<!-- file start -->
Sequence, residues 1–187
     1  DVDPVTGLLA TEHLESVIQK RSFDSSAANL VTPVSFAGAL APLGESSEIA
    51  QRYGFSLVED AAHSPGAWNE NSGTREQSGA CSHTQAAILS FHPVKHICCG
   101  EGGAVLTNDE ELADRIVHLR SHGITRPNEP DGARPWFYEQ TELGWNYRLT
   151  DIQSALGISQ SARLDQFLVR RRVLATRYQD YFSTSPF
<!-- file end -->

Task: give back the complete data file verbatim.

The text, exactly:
Sequence, residues 1–187
     1  DVDPVTGLLA TEHLESVIQK RSFDSSAANL VTPVSFAGAL APLGESSEIA
    51  QRYGFSLVED AAHSPGAWNE NSGTREQSGA CSHTQAAILS FHPVKHICCG
   101  EGGAVLTNDE ELADRIVHLR SHGITRPNEP DGARPWFYEQ TELGWNYRLT
   151  DIQSALGISQ SARLDQFLVR RRVLATRYQD YFSTSPF